Direct Injection Conrast Enhanced MRA

Greg Brown
Royal Adelaide Hospital MRI Unit
29 September 2001

 
 
The standard CE-MRA approach relies on a venous injection of contrast agent with physiological dilution and transport to the target vessels.  Another group of techniques use a direct injection of suitable concentration to fill the target vessels with contrast.
Conservative researchers employed the method to create direct MR venography (1), while others developed direct intra-arterial CE-MRA. (IACEMRA).  Direct injection CE-MRA has obvious application in the development of interventional MR [ii],[iii] but it has been used initially to supplement equivocal X-ray DSA.
The only human studies comparing intra-arterial direct CEMRA (IACEMRA) with arterial X-ray DSA were published by two independent Australian groups.[iv],[v]
Laboratory and animal studies described two technical approaches (injected solution fully replacing blood, or using physiological flow to further dilute the injected solution) but there were discrepancies on the target concentration [vi],[vii]The concentration of injected concentration was thought to be of critical importance for successful direct CE-MRA, but the T1 response of the sequences used mean that a broad range of concentrations, 10 60 mM (dilutions of 1:50 and 1:8), give almost equal results.
This range means that direct MRA with a 1:10 solution and fast hand injections ( 3 6 cc/sec) will deliver effective results in all vessels outside the Aorta. Commercial contrast agents are not approved for direct arterial injection, but the safe use of intra-arterial Magnevist for X-ray angiography[viii],[ix] and CT angiography[x] has been reported.
From Taylor & Brown, Proc ISMRM 2000- 66


References
[i] Li W,David V, Goldfarb J, Kaplan R, Edelmane R. Low-doise gadolinium enhanced three dimensional peripheral MR venography.1998 Proc. ISRM 842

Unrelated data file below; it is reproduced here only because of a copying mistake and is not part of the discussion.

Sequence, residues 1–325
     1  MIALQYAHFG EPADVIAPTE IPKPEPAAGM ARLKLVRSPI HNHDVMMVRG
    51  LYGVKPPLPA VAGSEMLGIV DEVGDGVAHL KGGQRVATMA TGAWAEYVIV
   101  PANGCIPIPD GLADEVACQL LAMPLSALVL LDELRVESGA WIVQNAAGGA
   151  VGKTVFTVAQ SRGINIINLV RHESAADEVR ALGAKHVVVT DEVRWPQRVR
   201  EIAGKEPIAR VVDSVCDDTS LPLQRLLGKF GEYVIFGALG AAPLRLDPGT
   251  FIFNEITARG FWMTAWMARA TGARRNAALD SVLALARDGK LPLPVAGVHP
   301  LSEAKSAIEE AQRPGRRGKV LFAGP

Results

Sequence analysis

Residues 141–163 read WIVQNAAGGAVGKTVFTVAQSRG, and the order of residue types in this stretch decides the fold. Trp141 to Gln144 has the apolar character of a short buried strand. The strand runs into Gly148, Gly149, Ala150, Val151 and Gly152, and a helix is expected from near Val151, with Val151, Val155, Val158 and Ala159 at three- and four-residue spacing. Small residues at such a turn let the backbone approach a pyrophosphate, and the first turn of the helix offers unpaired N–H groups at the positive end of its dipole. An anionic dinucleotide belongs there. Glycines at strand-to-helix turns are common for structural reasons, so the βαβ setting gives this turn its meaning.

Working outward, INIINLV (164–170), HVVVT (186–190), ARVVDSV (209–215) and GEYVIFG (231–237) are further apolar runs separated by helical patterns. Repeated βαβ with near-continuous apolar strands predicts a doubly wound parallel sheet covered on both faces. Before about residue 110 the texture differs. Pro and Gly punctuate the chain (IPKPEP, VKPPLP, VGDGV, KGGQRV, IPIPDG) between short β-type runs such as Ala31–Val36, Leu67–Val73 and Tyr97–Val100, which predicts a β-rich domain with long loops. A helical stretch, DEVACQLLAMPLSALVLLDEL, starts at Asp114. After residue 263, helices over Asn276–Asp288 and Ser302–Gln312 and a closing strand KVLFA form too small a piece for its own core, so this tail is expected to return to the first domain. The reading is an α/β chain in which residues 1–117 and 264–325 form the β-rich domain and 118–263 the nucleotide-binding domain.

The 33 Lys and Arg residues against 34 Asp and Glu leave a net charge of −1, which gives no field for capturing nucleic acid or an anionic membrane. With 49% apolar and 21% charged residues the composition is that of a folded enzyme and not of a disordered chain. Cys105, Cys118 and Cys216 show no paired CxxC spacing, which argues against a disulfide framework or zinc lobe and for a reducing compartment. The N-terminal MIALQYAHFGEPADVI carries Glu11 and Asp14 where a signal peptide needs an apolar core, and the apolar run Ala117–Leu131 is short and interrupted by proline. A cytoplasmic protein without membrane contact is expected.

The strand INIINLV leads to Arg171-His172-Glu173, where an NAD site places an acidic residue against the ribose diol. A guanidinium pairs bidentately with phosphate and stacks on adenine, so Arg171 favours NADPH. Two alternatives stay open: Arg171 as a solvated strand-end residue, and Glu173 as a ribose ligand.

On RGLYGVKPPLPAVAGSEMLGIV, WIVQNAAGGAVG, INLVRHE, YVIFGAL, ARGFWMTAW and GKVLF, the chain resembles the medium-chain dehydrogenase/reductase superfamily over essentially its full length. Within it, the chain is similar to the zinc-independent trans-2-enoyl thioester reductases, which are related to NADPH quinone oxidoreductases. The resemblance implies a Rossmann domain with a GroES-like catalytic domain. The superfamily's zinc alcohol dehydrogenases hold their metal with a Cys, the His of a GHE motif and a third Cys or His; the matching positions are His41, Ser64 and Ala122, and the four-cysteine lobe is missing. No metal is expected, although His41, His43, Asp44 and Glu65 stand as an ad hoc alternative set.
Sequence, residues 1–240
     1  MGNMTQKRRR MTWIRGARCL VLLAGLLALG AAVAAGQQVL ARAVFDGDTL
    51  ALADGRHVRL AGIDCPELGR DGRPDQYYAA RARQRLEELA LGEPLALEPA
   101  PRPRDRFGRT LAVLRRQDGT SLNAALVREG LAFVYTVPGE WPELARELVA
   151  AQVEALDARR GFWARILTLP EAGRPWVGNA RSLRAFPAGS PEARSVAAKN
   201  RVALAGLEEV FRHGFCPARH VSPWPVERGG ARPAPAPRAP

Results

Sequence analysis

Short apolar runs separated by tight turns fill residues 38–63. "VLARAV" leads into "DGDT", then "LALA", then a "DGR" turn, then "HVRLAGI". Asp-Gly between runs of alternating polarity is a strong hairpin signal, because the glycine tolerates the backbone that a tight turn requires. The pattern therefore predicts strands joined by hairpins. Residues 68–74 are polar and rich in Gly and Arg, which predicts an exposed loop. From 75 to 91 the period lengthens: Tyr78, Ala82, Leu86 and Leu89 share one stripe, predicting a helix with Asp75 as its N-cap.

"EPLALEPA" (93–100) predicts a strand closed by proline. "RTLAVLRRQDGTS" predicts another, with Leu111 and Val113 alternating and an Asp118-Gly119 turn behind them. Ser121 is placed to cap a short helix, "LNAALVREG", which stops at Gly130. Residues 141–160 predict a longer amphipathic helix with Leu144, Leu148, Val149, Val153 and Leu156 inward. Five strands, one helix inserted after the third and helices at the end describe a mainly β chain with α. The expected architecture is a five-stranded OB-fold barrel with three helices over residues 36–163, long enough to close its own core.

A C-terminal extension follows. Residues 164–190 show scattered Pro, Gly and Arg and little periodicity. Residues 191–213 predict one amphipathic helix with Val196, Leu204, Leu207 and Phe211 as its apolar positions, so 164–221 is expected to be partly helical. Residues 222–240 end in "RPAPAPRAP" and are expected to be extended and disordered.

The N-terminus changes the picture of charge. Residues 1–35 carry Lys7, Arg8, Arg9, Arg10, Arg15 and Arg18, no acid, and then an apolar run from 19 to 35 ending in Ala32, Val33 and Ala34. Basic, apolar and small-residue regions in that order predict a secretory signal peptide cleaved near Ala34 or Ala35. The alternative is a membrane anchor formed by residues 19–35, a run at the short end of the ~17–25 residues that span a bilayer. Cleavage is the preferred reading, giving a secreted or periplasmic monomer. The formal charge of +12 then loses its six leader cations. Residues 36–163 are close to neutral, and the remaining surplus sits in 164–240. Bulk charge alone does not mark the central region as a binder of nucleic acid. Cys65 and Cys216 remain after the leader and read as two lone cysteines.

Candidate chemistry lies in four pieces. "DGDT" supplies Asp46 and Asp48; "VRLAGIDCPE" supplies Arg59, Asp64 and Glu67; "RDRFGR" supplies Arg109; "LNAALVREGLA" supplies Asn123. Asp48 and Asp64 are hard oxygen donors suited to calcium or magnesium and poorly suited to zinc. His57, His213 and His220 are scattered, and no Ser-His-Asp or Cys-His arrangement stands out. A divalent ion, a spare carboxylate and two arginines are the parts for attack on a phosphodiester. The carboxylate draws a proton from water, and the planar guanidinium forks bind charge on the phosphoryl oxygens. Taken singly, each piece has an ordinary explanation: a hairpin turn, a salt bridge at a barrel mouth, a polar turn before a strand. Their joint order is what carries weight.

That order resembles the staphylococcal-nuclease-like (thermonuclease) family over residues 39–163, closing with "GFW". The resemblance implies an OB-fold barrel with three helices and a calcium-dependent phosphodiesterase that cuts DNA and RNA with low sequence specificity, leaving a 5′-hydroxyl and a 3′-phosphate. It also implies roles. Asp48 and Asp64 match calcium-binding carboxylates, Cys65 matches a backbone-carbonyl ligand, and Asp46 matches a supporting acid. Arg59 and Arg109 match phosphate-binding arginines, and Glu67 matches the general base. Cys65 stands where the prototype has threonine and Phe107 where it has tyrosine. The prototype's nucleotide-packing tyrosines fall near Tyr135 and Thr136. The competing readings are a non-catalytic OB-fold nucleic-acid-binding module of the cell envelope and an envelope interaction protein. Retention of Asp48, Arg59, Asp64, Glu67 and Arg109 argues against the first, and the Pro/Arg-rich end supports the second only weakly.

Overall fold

[ii] Bos C,Bakker CJ, Smits HF, Viergever MA. Catheter Injection of Contrast Agent: Application in MR-Guided Endovascular Interventions 1999 Proc ISMRM 1893
[iii] Omary RA, Frayne R, Unal O, Korosec FR, Mistretta CA, Strother CM Magnetic Resonance-Guided Angioplasty of Renal Artery Stenosis in a Pig Model: A feasibility Study. 1999 Proc ISMRM 576
[iv] Tello R, Mitchell P, Melhem E, Witte D, Thomson K. Interventional angiography with conventional 1.5-T magnet: Work in progress. Australasian Radiology 1999 43: 435-439
[v] Taylor D,Brown G. Intra-Arterial Contrast Enhanced MRA (IA-CEMRA)2000 Proc. ISMRM 466
[vi] Bos C, Bakker CJ, Viergever MA. In Situ Administration if Contrast Agent in MR Angiography. 1999 Proc ISMRM 1894
[vii] Frayne R, Omary R, Unal O, Grist T, Strother C, MRA with intra-arterial administration of contrast 1999 Proc. ISMRM 1885
[viii] Schild H, Weber W, Boeck E et al. Gadolinium-DTPA (Magnevist) as contrast medium ofor arterial DSA.Rofo Fortsch Geb Rontgenstr.neuen Bildgeb Verhauf. 1994 160:218-221
[ix] Kaufman J, Geller S, Waltman A. Renal insufficiency: Gadopentate dimeglumine as a radiographic contrast agent during peripheral vascular investigational procedures. Radiology 1996 198:579-581
[x] Kawano T. Ishijima H. Nakajima T. Aoki J. Endo K. Gd-DTPA: a possible alternative contrast agent for use in CT during intraarterial administration. Journal of Computer Assisted Tomography. 1999 23(6):939-40